TTIP Negotiations : Public Services Not to Be Privatized

Written by | Wednesday, October 8th, 2014

American and European negotiators of the proposed Transatlantic Trade and Investment Partnership (TTIP) promised they would not include the privatization of public services in the deal due to the sensitivity of the issue on both sides of the Atlantic. Chief US trade negotiator, Dan Mullaney, said at the end of the seventh round of talks that TTIP negotiators were aware of the concern of the privatization of public services, such as national health care, education, or water utilities. He promised that the TTIP would not limit the ability of governments to regulate those services as they deem right. “The United States is not including such provisions in this trade agreement and will not do so in these negotiations,” he added at a news conference in Washington. EU chief negotiator, Ignacio Garcia Bercero, confirmed that the European side also excluded any commitment to public services. Mr Garcia Bercero moreover added that “nothing will be done” which could lower or endanger the protection of the environment, health, safety, consumers and data privacy.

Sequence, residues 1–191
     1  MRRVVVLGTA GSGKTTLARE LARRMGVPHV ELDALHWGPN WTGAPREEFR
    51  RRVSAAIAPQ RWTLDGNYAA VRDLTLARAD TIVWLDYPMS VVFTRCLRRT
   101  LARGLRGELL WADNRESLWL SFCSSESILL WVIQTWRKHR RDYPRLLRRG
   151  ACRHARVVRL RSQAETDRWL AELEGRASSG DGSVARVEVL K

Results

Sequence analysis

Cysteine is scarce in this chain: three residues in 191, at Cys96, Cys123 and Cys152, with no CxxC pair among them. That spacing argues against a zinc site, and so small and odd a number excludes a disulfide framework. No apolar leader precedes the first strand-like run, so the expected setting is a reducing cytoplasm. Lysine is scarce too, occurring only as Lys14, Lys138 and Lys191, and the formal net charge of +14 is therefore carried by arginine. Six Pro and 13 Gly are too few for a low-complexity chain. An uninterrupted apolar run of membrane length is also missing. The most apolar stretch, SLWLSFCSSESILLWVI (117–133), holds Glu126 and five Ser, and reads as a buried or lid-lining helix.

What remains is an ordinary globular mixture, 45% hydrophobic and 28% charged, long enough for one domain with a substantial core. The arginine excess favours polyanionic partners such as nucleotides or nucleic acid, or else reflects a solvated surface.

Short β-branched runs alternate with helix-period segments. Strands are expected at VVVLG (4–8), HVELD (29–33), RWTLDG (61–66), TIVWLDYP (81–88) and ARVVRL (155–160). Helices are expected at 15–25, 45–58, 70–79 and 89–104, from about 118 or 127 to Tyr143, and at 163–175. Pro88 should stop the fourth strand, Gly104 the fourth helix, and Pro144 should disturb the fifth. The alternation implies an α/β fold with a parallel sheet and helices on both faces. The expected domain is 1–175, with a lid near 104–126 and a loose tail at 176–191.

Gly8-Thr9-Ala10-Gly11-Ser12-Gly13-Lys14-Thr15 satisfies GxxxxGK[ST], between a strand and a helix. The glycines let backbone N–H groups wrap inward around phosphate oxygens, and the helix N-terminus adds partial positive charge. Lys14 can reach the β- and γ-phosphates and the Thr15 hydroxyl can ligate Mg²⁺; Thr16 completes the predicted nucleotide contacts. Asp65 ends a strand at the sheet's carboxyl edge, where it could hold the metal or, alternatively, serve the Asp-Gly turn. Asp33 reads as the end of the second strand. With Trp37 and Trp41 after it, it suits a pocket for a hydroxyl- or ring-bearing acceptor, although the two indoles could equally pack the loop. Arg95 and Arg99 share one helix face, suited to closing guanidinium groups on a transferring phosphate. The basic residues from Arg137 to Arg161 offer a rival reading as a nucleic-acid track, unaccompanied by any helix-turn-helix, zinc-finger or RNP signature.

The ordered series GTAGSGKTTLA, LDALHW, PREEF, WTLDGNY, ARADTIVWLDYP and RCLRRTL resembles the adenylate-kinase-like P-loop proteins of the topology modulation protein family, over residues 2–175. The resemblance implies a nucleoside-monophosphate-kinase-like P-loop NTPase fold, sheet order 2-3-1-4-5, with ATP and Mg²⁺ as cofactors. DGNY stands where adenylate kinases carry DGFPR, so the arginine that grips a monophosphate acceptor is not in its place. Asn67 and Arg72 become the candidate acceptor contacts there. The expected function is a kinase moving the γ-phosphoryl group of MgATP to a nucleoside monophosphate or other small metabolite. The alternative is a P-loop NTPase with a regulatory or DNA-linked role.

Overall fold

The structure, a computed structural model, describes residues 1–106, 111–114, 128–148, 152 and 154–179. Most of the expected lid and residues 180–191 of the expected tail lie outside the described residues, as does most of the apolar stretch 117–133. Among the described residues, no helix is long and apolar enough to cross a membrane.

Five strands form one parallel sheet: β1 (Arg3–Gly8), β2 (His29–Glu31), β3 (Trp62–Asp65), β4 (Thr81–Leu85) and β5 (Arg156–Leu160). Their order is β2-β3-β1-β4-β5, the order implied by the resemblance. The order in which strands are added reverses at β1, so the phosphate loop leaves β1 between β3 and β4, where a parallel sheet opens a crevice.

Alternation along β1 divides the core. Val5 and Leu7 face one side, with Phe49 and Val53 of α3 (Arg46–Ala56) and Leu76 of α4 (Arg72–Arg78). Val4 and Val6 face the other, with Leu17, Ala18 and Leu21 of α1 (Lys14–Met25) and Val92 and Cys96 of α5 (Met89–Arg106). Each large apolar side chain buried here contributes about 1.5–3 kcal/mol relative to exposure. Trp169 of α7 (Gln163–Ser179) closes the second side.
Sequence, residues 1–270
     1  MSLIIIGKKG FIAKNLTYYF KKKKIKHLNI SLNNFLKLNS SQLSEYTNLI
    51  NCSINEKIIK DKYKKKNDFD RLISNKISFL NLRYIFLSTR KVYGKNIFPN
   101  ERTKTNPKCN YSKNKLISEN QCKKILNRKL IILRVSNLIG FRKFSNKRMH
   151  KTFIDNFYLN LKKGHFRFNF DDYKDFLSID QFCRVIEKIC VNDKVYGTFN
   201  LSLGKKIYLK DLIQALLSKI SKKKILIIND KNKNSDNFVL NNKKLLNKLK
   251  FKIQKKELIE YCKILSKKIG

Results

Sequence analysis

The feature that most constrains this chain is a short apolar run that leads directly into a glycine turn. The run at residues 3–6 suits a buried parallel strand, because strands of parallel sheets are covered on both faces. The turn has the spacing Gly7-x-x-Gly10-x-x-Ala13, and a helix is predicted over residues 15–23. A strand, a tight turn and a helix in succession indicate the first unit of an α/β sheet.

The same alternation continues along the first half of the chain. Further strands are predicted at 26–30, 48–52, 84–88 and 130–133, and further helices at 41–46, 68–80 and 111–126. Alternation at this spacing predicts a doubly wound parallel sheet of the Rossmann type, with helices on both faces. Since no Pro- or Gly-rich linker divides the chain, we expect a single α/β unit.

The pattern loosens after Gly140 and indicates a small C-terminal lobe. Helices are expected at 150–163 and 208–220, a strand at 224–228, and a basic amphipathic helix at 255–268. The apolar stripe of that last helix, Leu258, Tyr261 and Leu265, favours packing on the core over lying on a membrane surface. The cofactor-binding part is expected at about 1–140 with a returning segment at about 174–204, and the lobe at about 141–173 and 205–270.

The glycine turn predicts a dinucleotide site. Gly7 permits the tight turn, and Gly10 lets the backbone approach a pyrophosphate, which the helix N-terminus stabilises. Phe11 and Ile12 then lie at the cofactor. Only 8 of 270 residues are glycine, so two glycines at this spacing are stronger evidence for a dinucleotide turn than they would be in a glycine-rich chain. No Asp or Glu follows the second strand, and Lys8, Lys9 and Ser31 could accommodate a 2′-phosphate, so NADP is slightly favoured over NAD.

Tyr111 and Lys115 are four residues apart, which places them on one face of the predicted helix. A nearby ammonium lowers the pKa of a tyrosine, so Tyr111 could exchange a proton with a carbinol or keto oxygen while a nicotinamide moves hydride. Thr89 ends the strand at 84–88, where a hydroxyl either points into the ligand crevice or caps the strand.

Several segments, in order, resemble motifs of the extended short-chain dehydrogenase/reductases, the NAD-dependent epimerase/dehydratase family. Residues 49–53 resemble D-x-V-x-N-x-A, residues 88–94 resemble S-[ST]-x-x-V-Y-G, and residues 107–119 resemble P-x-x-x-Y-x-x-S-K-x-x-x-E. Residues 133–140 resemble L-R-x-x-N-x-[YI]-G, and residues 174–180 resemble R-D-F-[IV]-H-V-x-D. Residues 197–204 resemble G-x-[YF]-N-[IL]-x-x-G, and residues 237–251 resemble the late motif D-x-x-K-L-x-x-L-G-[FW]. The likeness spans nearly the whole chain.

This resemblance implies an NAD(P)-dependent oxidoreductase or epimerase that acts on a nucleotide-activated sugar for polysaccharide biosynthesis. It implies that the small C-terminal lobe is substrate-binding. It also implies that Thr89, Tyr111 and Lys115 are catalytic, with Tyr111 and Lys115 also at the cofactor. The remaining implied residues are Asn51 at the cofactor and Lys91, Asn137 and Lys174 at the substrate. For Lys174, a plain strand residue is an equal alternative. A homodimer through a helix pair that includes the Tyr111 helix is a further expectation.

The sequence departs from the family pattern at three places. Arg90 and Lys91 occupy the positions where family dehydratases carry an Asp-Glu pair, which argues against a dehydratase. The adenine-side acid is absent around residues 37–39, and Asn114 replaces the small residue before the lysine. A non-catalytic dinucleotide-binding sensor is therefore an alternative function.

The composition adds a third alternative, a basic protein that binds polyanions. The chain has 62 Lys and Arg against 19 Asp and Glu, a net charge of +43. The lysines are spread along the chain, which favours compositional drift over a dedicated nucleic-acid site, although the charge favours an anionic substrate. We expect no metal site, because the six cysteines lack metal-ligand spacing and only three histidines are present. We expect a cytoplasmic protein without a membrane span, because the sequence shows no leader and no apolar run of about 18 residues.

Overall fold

TTIP talks, which started in July last year, are aiming to create the world’s biggest free-trade and investment agreement. The proposed text of the deal is considered by both the United States and the European Union as a means to boost the already solid business ties that both parties share. TTIP is generally hoped to stimulate economic growth and create jobs. Naturally, such an ambitious roadmap has raised many worries concerning sensitive topics, such as deregulation in the agricultural sector or consumer protection. Europeans are for instance particularly troubled by the possibility that the block will be forced to import now-banned US beef that is treated with hormones or crops from genetically modified seeds. Both Commissioner Garcia Bercero and his American counterpart agreed that the seventh round of talks that began last week was productive, but a long and challenging path lies ahead to finalize the agreement. “In an agreement of this importance and magnitude, these proposals are in many cases long and complex and require many hours of detailed and difficult discussions and analysis,” said Mr Mullaney. None of the two parties was willing to suggest a schedule for reaching a deal.

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